<span style="display:block;position:relative;padding-top:56.25%;" class="rm-shortcode" data-rm-shortcode-id="5f31daf07a652b8d64a093b993ee4e96"><iframe lazy-loadable="true" src="https://www.youtube.com/embed/UjmQeH3vXHI?rel=0" width="100%" height="auto" frameborder="0" scrolling="no" style="position:absolute;top:0;left:0;width:100%;height:100%;"></iframe></span>
Robodolphin doesn't look like a real dolphin, but it doesn't need to in order to train our drone pilots. C.J. Barton / Oklahoma State University / CC BY-ND<p>To build robodolphin, we worked with dolphins trained to "chuff" or sneeze on command to measure spray characteristics. We used high-speed photography to see the dolphins' breath as it moved through the air. Then we conducted high resolution CT scans of a dolphin head and 3D-printed a replica of a nasal passage.</p><p>Now, we have a complete robodolphin and are tweaking its sprays to be nearly identical to the real thing. This will allow us to determine how close we need to get to collect the samples, and therefore, how quiet our drone needs to be.</p>
The replica dolphin blowhole was designed from a scan of a real blowhole passage, and the spray it produces closely matches the real thing. Alvin Ngo, Mitch Ford and CJ Barton / Oklahoma State University / CC BY-ND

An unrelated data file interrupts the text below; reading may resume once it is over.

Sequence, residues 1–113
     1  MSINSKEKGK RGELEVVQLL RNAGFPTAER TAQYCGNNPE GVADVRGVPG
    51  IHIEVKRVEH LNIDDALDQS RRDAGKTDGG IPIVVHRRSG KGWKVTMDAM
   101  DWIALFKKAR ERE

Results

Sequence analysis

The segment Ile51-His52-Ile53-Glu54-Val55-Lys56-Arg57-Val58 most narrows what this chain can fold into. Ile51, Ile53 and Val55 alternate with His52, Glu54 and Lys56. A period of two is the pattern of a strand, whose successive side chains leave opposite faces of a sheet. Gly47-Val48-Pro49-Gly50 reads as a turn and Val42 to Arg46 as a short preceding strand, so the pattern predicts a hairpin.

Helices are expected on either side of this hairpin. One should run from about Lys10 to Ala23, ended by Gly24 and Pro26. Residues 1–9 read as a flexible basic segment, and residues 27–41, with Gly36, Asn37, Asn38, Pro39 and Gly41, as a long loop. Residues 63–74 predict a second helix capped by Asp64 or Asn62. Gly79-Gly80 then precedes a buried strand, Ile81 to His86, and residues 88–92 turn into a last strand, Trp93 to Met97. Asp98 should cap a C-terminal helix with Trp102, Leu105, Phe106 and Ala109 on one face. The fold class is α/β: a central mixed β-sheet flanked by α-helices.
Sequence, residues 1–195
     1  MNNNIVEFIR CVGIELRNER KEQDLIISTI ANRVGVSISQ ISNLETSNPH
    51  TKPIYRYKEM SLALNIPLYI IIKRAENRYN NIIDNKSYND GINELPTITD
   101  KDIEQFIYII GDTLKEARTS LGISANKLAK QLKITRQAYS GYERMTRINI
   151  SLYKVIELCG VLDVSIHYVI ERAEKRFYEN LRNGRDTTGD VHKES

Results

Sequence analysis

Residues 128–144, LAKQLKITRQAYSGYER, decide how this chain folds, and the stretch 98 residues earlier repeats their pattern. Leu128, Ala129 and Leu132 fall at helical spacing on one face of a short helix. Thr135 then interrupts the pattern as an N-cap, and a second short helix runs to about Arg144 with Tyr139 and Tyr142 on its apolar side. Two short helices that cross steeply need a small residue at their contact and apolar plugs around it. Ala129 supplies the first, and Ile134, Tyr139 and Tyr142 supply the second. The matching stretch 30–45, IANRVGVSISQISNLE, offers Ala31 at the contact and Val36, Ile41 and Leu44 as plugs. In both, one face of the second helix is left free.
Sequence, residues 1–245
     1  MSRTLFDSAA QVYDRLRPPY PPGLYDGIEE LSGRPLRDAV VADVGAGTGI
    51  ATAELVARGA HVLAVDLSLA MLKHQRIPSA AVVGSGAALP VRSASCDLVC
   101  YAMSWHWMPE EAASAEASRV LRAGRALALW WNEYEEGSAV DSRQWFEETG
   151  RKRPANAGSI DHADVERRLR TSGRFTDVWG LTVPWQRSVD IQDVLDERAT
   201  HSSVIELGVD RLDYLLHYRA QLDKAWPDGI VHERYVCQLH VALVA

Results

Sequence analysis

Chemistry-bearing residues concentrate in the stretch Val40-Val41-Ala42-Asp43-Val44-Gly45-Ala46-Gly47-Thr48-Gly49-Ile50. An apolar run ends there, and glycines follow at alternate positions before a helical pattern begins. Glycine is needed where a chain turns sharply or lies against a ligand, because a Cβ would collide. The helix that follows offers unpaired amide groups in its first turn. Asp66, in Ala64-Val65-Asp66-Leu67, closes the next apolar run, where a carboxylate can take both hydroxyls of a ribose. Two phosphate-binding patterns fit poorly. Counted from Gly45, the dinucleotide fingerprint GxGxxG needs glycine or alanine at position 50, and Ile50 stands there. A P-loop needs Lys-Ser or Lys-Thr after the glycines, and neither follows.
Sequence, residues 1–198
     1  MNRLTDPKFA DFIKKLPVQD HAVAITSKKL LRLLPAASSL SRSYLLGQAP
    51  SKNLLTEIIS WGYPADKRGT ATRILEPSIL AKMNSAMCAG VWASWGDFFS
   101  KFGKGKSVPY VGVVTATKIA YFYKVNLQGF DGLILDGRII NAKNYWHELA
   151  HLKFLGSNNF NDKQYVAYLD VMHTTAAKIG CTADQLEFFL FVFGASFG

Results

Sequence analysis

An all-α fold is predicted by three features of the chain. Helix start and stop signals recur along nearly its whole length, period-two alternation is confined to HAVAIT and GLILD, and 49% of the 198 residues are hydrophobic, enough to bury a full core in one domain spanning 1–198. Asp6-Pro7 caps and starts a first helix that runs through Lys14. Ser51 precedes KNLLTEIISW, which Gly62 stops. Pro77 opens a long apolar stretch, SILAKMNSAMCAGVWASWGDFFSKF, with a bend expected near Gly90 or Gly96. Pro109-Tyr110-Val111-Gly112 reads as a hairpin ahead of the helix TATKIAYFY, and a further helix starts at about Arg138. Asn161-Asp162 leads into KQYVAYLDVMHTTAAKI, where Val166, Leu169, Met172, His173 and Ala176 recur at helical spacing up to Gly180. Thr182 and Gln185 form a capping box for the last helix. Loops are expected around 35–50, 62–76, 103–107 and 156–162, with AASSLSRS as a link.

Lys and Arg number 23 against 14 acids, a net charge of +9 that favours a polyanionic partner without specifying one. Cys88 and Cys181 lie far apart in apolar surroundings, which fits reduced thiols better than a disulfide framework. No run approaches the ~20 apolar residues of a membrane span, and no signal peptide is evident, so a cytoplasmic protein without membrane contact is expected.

A Bit of Practice, Then Into the Wild<p>In the next few months, we will test flights over robodolphin with existing drones to determine the timing and strategy for collection. From there, we will fabricate a low-noise drone that can fly fast enough and with sufficient maneuverability to capture samples from wild dolphins. Like a video game, we will use the visual field data to develop approach trajectories to stay in the visual blindspots.</p><p>We plan to test our drones on a truck-mounted robodolphin moving down a runway, then using a boat to simulate realistic conditions. The next steps will involve ocean testing with dolphins trained for open ocean swimming. These tests will determine if our devices can catch and hold the hormones as the drone flies back to a researcher's boat.</p><p>Finally, we will deploy the system to collect data on wild dolphins. Our first goal is to test resident dolphins – animals that live on the coasts and deal directly with boat and oil industry noise – which will allow us to learn more about stress resulting from human impacts.</p><p>Those samples are a way off, but if all goes well we will have a specially built drone capable of flying long distances and capturing samples undetected in a few years. The samples collected will allow researchers to do better science with impact on the animals they study.</p>
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Sunscreen pollution is accelerating the demise of coral reefs globally by causing permanent DNA damage to coral. gonzalo martinez / iStock / Getty Images Plus
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By Kelli McGrane
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By Ashutosh Pandey
Billions worth of valuable metals such as gold, silver and copper were dumped or burned last year as electronic waste produced globally jumped to a record 53.6 million tons (Mt), or 7.3 kilogram per person, a UN report showed on Thursday.